Congenital Disorder of Glycosylation, Type Iq

Background and History: 

This is one of several rare metabolic disorders resulting from a deficiency in an enzyme important in the synthesis of specialized types of proteins and fats.  The result can be a severe generalized disorder involving many parts of the body.     

Clinical Correlations: 

The major manifestations of this condition result from abnormalities in the brain, eye, and nervous system.  Infants are noted to be floppy at birth and as they grow they fail to achieve normal milestones.  Feeding problems are common and many children require tube feeding to maintain nutrition.  The amount of brain involvement is variable but most have some degree of cognitive impairment.  Other signs are thickening of the skin with excessive hair on the arms and legs.  The face is often elongated, the bridge of the nose is depressed, the ears are low and may be malformed, lips are thin, and the mouth appears large.  There is often redundant skin around the neck and face.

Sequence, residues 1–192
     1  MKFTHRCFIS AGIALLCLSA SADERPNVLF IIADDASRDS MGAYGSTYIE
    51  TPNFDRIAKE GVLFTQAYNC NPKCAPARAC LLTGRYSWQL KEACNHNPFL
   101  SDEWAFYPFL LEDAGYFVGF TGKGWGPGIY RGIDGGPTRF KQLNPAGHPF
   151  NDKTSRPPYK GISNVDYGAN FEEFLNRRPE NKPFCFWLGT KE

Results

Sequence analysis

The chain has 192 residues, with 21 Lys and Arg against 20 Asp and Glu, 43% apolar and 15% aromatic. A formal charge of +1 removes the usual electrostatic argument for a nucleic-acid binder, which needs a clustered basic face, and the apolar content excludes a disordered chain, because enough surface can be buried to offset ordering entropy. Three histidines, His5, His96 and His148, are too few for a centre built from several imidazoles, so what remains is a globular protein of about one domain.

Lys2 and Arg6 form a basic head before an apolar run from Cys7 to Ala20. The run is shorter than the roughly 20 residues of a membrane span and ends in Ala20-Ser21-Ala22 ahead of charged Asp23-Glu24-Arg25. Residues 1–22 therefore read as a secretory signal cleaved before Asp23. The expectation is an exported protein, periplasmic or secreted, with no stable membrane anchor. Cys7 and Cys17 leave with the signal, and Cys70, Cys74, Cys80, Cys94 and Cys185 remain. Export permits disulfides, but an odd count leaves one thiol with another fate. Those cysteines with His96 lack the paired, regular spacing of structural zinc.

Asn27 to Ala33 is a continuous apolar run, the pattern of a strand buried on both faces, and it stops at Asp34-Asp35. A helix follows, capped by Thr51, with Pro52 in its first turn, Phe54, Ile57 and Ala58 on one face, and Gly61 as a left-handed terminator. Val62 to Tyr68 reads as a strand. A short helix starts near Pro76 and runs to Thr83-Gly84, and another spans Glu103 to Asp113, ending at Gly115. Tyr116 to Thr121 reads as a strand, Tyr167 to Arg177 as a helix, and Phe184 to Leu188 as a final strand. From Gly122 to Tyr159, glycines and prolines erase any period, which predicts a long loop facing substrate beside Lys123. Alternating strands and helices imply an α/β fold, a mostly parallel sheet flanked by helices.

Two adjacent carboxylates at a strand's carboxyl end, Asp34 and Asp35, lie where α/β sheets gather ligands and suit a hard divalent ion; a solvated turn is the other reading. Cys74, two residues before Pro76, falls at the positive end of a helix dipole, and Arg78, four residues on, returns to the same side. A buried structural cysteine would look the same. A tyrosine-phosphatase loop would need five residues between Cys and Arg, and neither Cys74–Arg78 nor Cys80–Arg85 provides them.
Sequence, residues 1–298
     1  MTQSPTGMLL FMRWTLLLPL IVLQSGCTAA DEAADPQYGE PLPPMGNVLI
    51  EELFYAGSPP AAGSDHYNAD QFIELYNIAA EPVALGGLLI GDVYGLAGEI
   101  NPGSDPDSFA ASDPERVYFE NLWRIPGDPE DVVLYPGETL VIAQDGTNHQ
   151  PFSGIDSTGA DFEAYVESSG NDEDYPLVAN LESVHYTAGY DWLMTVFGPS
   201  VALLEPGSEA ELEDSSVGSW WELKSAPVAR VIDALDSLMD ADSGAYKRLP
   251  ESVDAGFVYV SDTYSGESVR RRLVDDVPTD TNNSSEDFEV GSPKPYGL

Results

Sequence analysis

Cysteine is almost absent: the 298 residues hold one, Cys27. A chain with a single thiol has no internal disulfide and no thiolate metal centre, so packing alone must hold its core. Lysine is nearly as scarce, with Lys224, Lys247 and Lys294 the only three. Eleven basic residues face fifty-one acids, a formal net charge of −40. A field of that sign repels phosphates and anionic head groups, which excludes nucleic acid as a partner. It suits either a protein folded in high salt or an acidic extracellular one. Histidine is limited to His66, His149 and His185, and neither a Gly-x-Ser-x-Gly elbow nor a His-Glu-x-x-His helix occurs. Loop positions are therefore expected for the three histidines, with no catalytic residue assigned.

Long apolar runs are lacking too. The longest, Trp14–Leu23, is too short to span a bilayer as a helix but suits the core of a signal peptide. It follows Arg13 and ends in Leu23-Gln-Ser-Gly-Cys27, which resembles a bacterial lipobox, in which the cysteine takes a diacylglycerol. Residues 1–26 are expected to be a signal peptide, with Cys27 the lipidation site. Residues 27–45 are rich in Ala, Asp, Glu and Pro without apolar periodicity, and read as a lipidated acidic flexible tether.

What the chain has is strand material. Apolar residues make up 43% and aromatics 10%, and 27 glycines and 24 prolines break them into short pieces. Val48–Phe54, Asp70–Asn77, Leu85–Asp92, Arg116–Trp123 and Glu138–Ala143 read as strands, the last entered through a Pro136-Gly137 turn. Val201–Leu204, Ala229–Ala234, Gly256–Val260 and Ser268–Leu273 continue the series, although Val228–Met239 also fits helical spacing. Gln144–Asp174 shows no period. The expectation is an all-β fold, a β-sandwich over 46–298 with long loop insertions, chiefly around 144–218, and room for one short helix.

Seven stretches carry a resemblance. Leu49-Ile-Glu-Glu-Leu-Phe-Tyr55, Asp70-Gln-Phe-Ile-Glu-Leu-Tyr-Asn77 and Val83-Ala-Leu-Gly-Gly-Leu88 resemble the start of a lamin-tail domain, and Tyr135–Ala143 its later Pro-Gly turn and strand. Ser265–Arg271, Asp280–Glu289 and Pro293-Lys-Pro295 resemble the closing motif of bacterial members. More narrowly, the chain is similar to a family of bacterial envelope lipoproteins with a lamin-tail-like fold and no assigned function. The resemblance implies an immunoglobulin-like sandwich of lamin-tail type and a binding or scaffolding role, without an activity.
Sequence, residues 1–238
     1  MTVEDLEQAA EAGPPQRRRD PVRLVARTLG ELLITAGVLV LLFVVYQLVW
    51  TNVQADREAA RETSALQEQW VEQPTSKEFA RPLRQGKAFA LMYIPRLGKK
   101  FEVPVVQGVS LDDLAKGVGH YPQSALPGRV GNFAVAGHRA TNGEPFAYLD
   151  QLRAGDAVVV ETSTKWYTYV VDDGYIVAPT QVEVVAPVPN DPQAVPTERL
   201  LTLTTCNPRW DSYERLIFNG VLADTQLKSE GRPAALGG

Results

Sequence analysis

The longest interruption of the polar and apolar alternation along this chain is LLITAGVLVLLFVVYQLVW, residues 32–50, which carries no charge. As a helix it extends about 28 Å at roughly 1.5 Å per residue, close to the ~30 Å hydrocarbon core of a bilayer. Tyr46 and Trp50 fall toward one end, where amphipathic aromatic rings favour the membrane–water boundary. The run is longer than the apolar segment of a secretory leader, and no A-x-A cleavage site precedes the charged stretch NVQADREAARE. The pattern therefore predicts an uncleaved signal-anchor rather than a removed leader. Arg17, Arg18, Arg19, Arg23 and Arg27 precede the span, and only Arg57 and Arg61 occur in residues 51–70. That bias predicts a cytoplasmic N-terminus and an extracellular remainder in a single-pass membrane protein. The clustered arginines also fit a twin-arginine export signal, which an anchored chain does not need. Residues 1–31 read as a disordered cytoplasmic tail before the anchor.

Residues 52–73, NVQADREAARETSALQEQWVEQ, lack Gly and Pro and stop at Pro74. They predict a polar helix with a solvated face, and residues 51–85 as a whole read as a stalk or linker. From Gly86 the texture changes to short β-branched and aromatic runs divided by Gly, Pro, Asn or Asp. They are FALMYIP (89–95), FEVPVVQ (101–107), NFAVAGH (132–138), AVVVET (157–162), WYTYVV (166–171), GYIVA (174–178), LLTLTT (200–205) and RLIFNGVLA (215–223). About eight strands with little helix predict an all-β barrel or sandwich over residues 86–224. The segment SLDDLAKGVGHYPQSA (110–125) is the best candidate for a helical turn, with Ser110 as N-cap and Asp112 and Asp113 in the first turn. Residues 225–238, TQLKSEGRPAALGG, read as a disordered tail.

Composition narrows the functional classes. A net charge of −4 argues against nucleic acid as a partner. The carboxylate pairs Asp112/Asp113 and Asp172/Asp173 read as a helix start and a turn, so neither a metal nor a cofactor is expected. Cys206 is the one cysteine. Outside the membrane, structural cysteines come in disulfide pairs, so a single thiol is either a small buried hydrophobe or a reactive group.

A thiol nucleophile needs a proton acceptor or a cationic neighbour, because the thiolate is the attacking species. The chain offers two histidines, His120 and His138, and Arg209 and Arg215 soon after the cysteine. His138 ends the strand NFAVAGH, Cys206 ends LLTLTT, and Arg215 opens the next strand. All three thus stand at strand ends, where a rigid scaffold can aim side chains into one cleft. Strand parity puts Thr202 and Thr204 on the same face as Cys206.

Often children are noted to have a defect in the iris (colored part of the eye that forms the pupil) which may extend inside the eye and even involve the optic nerve.  Sometimes the optic nerve is abnormally small.  Vision is variable and may be normal but where the optic nerve is involved, vision can be poor. 


This condition is caused by a gene mutation which must be present in both genes to result in disease.  Parents with only one copy are clinically normal but each of their children has a 25% risk of inheriting this disorder when they inherit the mutation from each parent.

Diagnosis and Prognosis: 

This disorder is rare.  The diagnosis may be made by a pediatric neurologist with the aid of gene testing.  Symptoms are highly variable and can sometimes be managed by careful adjustment of food and calorie intake.  Tube feeding may be required to achieve this.  Longevity is highly variable and ranges from infancy to adulthood.

Additional Information
Autosomal recessive